This new funding highlights the importance of public transit as a centerpiece for improving the lives of many. It injects new energy toward higher quality of life in our cities.
While the funds will be distributed by state over a five-year period, plans have been put in place by the Department of Transportation on how to compute the funds to be allocated to improve local public transit networks and provide healthy, sustainable transportation options for millions of Americans. The key data being used is the amount of extra time it takes Americans commuting by public transport to reach their destination. Additionally, how many more times likely are non-White households to use these services. Lastly, what percent of transit vehicles are past their useful life?
Currently, the allocated investment is based on formula funding only. This means that essentially these numbers are a result of applying a mathematical formula to decide on the allocation of resources, but actuals may be different. Contingent on the key data points, for example, New York state, known to have one of the better public transit systems in the country, can expect to receive about $11.2 billion to improve public transit across the state. California approximately $10.3 billion, Texas, $3.4 billion and Washington, $1.9 billion.
According to data, Californians using public transit spend an additional 66.6% of their time commuting while Texans spend an extra 80.8%. There is significant room for improvement here. Non-white households in New York are 2.5 times more likely to commute via public transportation, and those in Washington are 1.7 times more likely. 11.2% of transit vehicles in New York, 12% in Texas, 15.6% in California and 16.5% in Washington need replacement as they are past their useful life. These numbers clearly show the need for these funds.
According to the American Society of Civil Engineers, the country is in need of at least $176 billion for imminent maintenance and will need a funding of $100 billion in necessary upkeep through the end of the decade, a far cry from the current numbers that have finally been passed. Additionally, while $39 billion of new investment has been allocated to specifically modernise public transit, $110 billion will be invested in highways, roads and bridges.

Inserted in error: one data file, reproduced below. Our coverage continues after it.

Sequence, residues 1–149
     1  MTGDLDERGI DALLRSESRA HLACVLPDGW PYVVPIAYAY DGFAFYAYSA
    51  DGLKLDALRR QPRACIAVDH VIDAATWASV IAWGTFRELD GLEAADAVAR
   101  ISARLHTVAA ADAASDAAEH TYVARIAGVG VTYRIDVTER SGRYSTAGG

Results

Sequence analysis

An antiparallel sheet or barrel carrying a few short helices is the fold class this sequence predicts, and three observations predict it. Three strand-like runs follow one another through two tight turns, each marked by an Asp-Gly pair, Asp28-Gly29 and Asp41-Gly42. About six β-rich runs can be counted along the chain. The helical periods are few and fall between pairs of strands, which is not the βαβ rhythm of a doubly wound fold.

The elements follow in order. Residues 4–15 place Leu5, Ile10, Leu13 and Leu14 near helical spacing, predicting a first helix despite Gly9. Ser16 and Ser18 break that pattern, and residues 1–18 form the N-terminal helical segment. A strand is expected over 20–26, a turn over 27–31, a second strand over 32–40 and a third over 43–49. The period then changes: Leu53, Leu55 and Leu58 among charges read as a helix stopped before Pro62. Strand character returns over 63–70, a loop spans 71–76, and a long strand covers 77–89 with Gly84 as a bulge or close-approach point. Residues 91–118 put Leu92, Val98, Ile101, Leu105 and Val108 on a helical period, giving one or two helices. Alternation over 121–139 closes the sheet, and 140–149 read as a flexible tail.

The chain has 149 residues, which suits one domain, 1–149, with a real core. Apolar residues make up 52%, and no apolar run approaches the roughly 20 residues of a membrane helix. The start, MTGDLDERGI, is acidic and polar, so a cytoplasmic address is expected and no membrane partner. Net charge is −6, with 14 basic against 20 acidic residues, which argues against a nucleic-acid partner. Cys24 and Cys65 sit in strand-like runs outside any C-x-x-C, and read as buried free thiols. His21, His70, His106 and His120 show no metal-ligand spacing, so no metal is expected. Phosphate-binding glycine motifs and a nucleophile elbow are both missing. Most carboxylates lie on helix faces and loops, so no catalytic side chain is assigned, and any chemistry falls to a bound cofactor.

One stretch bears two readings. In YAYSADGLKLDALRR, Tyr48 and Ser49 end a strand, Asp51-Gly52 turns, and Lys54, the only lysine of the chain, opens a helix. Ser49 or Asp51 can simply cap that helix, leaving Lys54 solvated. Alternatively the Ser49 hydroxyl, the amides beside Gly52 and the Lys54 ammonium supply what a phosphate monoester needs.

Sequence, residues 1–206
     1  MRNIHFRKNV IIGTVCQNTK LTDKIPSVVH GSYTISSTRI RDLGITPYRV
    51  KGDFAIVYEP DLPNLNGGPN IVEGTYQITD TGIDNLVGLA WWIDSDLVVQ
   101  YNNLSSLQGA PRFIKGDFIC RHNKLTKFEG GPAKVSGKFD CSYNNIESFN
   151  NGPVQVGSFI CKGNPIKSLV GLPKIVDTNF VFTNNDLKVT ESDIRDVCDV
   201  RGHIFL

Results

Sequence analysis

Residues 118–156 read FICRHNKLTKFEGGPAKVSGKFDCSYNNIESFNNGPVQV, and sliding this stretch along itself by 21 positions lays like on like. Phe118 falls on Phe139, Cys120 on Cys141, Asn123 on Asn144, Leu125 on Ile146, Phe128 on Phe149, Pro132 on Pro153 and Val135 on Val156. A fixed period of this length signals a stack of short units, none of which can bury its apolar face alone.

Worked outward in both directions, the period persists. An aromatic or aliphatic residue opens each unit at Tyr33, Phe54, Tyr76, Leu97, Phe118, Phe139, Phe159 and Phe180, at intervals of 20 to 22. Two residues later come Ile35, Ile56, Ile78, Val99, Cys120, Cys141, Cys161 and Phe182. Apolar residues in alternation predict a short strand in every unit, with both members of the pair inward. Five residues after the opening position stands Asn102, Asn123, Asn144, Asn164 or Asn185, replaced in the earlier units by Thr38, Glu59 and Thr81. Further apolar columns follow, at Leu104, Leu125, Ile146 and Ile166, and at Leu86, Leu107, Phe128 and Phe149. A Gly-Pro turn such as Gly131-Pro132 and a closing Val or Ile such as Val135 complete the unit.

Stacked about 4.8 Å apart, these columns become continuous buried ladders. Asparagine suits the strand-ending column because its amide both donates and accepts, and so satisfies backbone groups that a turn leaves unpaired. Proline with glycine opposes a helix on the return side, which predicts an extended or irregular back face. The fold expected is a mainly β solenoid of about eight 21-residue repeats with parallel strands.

Ample research has shown that building bigger roads to reduce congestion in reality has the opposite effect, in accordance with the theory of induced demand. Simply put: if you build it, they will come and use it. An additional $7.5 billion is being invested to build out a national network of EV (electric vehicle) chargers across the country. Even though they are better for the environment, this will further encourage the use of personal vehicles.
Nevertheless, the US Infrastructure Bill is a massive step in the right direction. This multibillion-dollar project is the largest one in federal financing for public transit history. Combined with the continuation of the existing transit programs for five years as part of the surface transportation reauthorisation, the public transport sector in the US has much to look forward to. At the very least, it has highlighted the dire need of federal investment and funding for maintenance, upgrades, and innovation, to create an environmentally conscious, equitable and sustainable economy and society, with options and accessibility for all.